The story, written by Hans Christian Andersen, is about an ugly duckling that looked different from the chicks of the same brood. He was dark and ugly. The other ducklings didn’t want to play with him. He remained isolated in the corner of the pond, until one day he decided to run away in search of a place where he would be accepted.

Wandering here and there, he joined first a family of geese and then a farmhouse. Both the geese and the farmers considered him ugly and useless.

The ugly duckling spent the winter alone and hungry. With the arrival of spring he landed up in a pond where very beautiful birds were swimming.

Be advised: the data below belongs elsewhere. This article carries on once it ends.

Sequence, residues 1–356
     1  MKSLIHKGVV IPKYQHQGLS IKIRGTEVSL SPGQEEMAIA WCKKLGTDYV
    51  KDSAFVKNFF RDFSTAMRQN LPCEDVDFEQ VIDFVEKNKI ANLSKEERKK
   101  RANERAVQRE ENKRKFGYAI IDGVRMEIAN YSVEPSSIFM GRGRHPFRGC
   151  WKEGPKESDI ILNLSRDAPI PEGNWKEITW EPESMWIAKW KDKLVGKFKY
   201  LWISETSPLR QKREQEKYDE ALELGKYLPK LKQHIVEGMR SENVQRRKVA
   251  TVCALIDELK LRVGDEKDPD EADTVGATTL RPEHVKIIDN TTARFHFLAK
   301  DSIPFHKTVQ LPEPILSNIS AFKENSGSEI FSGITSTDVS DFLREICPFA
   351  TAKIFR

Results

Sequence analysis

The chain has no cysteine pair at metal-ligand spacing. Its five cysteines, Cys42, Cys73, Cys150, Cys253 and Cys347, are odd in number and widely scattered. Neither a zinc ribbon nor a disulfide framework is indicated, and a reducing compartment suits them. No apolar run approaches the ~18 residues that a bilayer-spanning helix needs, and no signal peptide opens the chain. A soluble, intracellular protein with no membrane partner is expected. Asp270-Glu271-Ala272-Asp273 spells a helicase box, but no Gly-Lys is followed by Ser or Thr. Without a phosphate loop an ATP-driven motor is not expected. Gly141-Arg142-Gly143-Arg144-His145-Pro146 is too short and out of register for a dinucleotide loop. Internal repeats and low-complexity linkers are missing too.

He didn’t dare to approach them. It was unthinkable that a so ugly duckling, as he was, would have been accepted by those graceful birds! He kept standing on the edge of the pond until one of those birds glided towards him.

How beautiful you are!” I have never seen such white feathers!” said the swan.

The ugly duckling bent his head incredulous and saw his image reflected on the water. He was a swan as well! His feathers had become white!

A similar allegory can be found in Jalaluddin Rumi’s Mathnawi. Rumi tells his hearers that they are “ducks, being brought up by hens”. They have to realize that their destiny is to swim, not to be chickens.

Both Rumi’s and Andersen’s stories are allegories of life. There is a natural evolutionist process in all living beings. It varies from individual to individual, depending on the happenings of life.